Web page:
Space Station Glitch Possibly Caused by Solar Flare

Updated at 2:40 p.m. EST

HOUSTON -- A glitch in the International Space Station's (ISS) U.S.-built attitude control system may have its root in a massive solar flare that erupted from the Sun this week, a NASA flight director said Friday.

"The leading theory right now is that the additional solar activity has taken the normal density of the [Earth's] atmosphere and it's about two and a half times more than it normally is," ISS flight director Joel Montalbano said during a morning update here at the Johnson Space Center. "So we're seeing some problems with our software converging on a nice stable attitude for attitude control."

The space station typically relies on four large gyroscopes-one of which is currently offline-that spin to maintain attitude control without consuming precious propellant [image]. Only two gyroscopes are required to maintain ISS orientation with the system. The station is also equipped with Russian thrusters and can be oriented by docked spacecraft, such as Russian Soyuz and Progress vehicles, as well as NASA shuttles.

NASA flight controllers opted to use the space shuttle Discovery's thrusters to orient the ISS on Thursday until the non-propellant mode is reactivated, Montalbano said. 

"So what we'll do is that solar activity is dying down and were going to try again to go to a non-propulsion mode later today," Montalbano said, adding that Discovery is well stocked with propellant to help control ISS attitudes through the two spacecraft's docked STS-116 mission operations. "We think we understand the problem."

To date, solar activity has not endangered the astronauts and their ISS counterparts in any way, though they did take precautions earlier this week to be safe. Spacewalking astronauts mentioned the solar flare may have led to some stunning auroras they spotted while working outside the ISS on Thursday.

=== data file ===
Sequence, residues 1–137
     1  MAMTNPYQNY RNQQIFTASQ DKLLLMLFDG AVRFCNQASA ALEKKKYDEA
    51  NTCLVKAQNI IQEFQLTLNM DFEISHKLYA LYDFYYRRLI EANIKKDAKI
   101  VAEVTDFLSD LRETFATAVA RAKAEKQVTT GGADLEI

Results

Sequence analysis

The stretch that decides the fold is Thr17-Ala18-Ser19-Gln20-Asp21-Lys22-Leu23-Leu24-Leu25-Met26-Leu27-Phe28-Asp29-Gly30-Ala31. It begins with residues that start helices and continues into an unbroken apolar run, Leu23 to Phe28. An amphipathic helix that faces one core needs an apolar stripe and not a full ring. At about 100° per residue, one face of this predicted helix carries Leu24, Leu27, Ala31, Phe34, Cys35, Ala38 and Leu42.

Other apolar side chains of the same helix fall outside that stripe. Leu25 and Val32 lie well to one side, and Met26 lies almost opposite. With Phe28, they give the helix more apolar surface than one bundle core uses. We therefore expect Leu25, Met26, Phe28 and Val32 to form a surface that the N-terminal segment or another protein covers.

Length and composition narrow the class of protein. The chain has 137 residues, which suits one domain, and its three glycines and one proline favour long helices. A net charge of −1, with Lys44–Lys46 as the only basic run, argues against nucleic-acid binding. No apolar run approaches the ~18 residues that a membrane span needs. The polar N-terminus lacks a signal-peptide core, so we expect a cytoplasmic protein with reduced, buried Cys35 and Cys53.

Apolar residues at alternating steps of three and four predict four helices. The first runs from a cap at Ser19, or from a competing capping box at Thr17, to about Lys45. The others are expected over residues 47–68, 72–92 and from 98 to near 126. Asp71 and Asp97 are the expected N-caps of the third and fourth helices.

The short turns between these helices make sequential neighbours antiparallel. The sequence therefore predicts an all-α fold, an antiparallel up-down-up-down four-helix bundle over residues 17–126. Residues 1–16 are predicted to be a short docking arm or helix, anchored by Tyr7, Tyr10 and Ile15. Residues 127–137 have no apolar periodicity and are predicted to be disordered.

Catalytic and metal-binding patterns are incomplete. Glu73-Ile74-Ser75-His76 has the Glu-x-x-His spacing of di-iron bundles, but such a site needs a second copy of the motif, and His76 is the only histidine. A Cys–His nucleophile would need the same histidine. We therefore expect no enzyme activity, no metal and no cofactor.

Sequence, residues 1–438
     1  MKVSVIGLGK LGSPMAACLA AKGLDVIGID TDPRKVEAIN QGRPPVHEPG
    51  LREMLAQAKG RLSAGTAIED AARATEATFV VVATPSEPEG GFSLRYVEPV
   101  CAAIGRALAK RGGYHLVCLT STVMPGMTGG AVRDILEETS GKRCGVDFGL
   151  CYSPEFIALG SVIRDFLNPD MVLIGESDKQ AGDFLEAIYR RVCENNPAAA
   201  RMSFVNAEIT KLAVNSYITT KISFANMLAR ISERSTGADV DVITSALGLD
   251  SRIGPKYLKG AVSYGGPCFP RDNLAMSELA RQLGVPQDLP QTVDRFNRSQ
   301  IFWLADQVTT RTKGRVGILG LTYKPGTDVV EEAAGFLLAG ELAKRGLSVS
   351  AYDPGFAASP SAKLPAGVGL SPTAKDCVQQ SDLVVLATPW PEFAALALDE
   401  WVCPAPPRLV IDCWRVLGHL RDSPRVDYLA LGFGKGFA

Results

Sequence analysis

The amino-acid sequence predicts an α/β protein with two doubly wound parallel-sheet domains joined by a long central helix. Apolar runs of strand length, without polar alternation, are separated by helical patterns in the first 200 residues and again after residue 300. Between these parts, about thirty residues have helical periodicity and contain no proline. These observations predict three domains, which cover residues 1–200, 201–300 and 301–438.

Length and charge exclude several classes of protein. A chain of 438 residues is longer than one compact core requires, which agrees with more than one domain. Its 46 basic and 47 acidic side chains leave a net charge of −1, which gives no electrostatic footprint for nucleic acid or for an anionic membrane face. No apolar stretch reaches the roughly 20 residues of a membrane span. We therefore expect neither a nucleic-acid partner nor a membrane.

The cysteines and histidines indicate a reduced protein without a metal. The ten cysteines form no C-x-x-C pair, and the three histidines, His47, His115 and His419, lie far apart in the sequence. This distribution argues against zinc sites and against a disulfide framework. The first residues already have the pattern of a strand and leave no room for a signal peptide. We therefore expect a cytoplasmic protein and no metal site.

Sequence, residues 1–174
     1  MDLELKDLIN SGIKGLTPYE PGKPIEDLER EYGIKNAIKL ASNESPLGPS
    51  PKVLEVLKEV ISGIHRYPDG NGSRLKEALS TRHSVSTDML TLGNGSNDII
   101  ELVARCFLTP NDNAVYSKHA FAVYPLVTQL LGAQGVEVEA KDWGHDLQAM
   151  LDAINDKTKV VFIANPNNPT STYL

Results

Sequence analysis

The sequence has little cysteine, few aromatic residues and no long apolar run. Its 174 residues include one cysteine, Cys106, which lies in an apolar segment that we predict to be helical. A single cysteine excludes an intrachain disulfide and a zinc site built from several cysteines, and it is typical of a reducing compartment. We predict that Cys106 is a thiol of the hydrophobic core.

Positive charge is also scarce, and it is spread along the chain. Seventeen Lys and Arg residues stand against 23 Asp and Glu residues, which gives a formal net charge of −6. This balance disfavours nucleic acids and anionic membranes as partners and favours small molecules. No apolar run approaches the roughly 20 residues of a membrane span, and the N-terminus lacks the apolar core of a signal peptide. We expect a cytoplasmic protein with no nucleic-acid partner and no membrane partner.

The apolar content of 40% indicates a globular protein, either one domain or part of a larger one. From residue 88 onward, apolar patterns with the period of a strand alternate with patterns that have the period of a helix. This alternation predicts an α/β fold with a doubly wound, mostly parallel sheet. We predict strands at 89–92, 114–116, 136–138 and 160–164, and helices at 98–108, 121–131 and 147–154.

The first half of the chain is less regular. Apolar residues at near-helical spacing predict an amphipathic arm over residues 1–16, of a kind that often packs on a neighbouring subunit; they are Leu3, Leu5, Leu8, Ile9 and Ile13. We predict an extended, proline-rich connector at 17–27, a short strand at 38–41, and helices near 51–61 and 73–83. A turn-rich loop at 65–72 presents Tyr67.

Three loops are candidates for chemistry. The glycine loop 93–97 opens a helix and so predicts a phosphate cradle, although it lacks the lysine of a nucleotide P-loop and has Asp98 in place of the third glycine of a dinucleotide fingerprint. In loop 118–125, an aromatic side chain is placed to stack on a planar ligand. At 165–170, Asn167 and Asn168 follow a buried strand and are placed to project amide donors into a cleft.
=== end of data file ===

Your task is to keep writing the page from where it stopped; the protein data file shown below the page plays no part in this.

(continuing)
Flight controllers mentioned the solar flare's effects in the morning mail to Discovery's STS-116 crew.

"Isn't it interesting that solar winds appear to be affecting your flight!" flight controllers relayed up to the shuttle astronauts. "We hope that all of you take a little time today to catch your breath and to look out the window in order to store future memories."

While NASA might not seem overly concerned about the recent solar activity, European Space Agency (ESA) mission controllers have taken steps to avoid damage to spacecraft after several of them began acting strangely shortly after the flares.

"We saw three anomolies on December 13," said Juergen Volpp, Spacecraft Operations Manager for ESA's Cluster mission, which uses four identical spacecraft to study the Earth's magnetosphere.

"Cluster 1 had a minor instrument minor instrument anomoly, while Cluster 2 and 4 had on-board systems affected," Volpp said.

Other ESA missions, including Envisat and Integral, also appeared to be affected. In all three cases, steps were taken to protect the spacecrafts' sensors.

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Tariq Malik

Tariq is the Editor-in-Chief of and joined the team in 2001, first as an intern and staff writer, and later as an editor. He covers human spaceflight, exploration and space science, as well as skywatching and entertainment. He became's Managing Editor in 2009 and Editor-in-Chief in 2019. Before joining, Tariq was a staff reporter for The Los Angeles Times covering education and city beats in La Habra, Fullerton and Huntington Beach. In October 2022, Tariq received the Harry Kolcum Award for excellence in space reporting from the National Space Club Florida Committee. He is also an Eagle Scout (yes, he has the Space Exploration merit badge) and went to Space Camp four times as a kid and a fifth time as an adult. He has journalism degrees from the University of Southern California and New York University. You can find Tariq at and as the co-host to the This Week In Space podcast with space historian Rod Pyle on the TWiT network. To see his latest project, you can follow Tariq on Twitter @tariqjmalik.